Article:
David Ossman

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David Ossman
David Ossman 02.jpg
Ossman in 2012
Born (1936-12-06) December 6, 1936 (age 81)
Santa Monica, California, U.S.
Residence Whidbey Island, Washington, U.S.
Occupation Writer, comedian

David Ossman (born December 6, 1936 in Santa Monica, California)[1] is an American writer and comedian, best known as a member of The Firesign Theatre and screenwriter of such films as Zachariah.[2]

Career[edit]

Ossman's roles during his Firesign years include George Leroy ("Peorgie") Tirebiter on Don't Crush That Dwarf, Hand Me the Pliers and Catherwood in the "Nick Danger" series.[3]

In 1973, he recorded the solo album How Time Flys. During the 1980s, he left the Firesign Theatre, primarily to produce programs for National Public Radio.

During the 1990s Ossman and his wife Judith Walcutt formed Otherworld Media, through which they produced audio theatre for children, as well as a series of major star-studded audio theatre broadcasts for NPR, including We Hold These Truths (1991), Empire Of The Air, War Of The Worlds 50th Anniversary Production,[4] Raymond Chandler's Goldfish, and the 100th Anniversary audio theatre adaptation of The Wonderful Wizard of Oz.

His latest Otherworld Media Productions include A Thousand Clowns, Through the Looking Glass, and A Taffetas Christmas. These performances are held at Whidbey Children's Theater on Whidbey Island, a local theatre where children can come to do plays and workshops.

Otherworld Media has also taken on the task of adapting and producing half a dozen screenplays in live radio play format in 2007 and 2008 at the International Mystery Writers Festival in Owensboro, Kentucky. Ossman personally wrote the adaptation and directed the 2007 Angie Award winner Albatross (original screenplay written by Lance Rucker and Timothy Perrin).

Ossman has written a mystery novel, The Ronald Reagan Murder Case: A George Tirebiter Mystery (published by BearManor Media, 2007). In 2008, Bear Manor Media published his memoir, Dr. Firesign's Follies: Radio, Comedy, Mystery, History.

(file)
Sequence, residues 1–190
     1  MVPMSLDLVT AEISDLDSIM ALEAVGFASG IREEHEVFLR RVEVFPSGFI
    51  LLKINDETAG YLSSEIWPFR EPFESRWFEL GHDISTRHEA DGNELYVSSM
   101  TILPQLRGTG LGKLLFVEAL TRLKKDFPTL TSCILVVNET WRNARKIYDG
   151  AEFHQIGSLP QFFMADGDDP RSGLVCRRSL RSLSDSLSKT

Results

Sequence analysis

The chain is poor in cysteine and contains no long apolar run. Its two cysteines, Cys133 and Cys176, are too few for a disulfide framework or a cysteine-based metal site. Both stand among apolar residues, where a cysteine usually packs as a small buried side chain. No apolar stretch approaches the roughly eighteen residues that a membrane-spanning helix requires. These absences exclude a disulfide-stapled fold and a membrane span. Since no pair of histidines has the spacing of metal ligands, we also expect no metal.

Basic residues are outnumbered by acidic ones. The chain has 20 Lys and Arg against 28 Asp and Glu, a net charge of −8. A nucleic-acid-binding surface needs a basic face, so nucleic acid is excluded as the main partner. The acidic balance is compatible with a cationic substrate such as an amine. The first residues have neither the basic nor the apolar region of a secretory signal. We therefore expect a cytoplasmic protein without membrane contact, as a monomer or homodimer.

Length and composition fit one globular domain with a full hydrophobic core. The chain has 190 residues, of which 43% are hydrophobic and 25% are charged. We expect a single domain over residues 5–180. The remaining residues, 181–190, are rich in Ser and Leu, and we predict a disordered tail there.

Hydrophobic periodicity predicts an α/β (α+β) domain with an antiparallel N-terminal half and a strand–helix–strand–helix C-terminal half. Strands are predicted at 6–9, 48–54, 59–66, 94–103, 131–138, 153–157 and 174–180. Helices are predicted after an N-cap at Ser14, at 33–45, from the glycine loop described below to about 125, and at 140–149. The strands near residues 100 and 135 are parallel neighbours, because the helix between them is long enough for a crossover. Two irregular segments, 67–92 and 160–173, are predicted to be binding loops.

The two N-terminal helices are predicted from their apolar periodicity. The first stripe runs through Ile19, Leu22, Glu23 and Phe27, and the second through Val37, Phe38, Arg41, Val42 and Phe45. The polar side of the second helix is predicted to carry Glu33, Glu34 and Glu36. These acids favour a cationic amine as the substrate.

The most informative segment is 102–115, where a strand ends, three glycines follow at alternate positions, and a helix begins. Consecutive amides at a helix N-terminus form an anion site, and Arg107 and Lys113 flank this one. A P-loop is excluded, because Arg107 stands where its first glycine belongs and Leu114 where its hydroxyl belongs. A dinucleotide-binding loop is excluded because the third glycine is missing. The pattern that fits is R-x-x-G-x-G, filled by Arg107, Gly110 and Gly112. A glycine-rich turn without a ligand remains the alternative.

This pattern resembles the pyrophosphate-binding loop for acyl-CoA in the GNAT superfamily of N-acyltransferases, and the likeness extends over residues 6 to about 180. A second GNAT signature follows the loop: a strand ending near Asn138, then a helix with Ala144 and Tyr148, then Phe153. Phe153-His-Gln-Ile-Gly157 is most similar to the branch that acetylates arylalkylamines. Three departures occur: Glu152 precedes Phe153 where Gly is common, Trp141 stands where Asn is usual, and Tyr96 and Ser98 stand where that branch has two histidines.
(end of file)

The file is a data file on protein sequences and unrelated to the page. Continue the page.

Stage versions of Don't Crush That Dwarf, Hand Me the Pliers; The Further Adventures of Nick Danger, Third Eye; and Waiting for the Electrician or Someone Like Him and Temporarily Humboldt County are published by Broadway Play Publishing Inc.

Ossman also wrote a book of poetry in 2009 titled Fools & Death (published by Ion Drive Publishing, 2009).

Personal life[edit]

On March 19, 2008, Mount Rainier National Park rangers found the body of Ossman's oldest son, Devin, less than two miles from the trailhead where he had parked his car two days earlier for a day hike. His wife had reported him missing the day before.[5]

Ossman also has a daughter, Alizon.[6]

He currently resides on Whidbey Island with his wife.[7]

Filmography[edit]

Actor[edit]

  • Martian Space Party (1972, Short)
  • Everything You Know Is Wrong (1975) - Sheriff Luger Axehandle / NURGI Clockwork Film narrrator / Prof. Archer / Art Wholeflaffer / Gen.
  • Below the Belt (1980) (voice)
  • The Tick (1996, TV Series) - Professor Peelie (voice)
  • A Bug's Life (1998) - Cornelius (voice)
  • Nowheresville (2000) - Earl Apple
  • Osmosis Jones (2001) - Scabies (voice, uncredited)
  • Firesign Theatre: Weirdly Cool (2001, TV Movie)
  • Five Grand (2016) - Abner Wilhelm

Writer[edit]

  • Zachariah (1971)
  • Martian Space Party (1972)
  • Everything You Know Is Wrong (1975)
  • Firesign Theatre: Weirdly Cool (2001) (TV)
  • Fools & Death (2009)

Producer[edit]

  • Martian Space Party (1972)
  • Everything You Know Is Wrong (1975)

Director[edit]

  • Everything You Know Is Wrong (1975)
  • Through the Looking Glass (2006)
  • Seven Keys to Baldpate (2007)

Editor[edit]

  • Martian Space Party (1972)

Discography[edit]

References[edit]

  1. ^ Wiebel, Frederick C., Jr. (December 1, 1996). "The Sullen Art Of David Ossman". Firezine. Retrieved April 10, 2016. 
  2. ^ Greenspun, Roger (January 25, 1971). "Zachariah (1970) Screen: 'Zachariah,' an Odd Western". The New York Times. New York City: New York Times Company. 
  3. ^ Luchs, Kurt (April 3, 2010). "The Firesign Theatre in five decades at once". Gold Mine Magazine. Iola, Wisconsin: F+W Media. Retrieved August 14, 2018. 
  4. ^ Doctechnical.com Archived February 19, 2007, at the Wayback Machine.
  5. ^ Duff, Patricia; Marx Wheatley, Michaela (June 25, 2008). "Local musician dies on Mount Rainier". South Whidbey Record. Whidbey Island, Washington: Sound Publishing, Inc. Retrieved June 21, 2015. 
  6. ^ Wallinstudios.com
  7. ^ Firesigntheatre.com

External links[edit]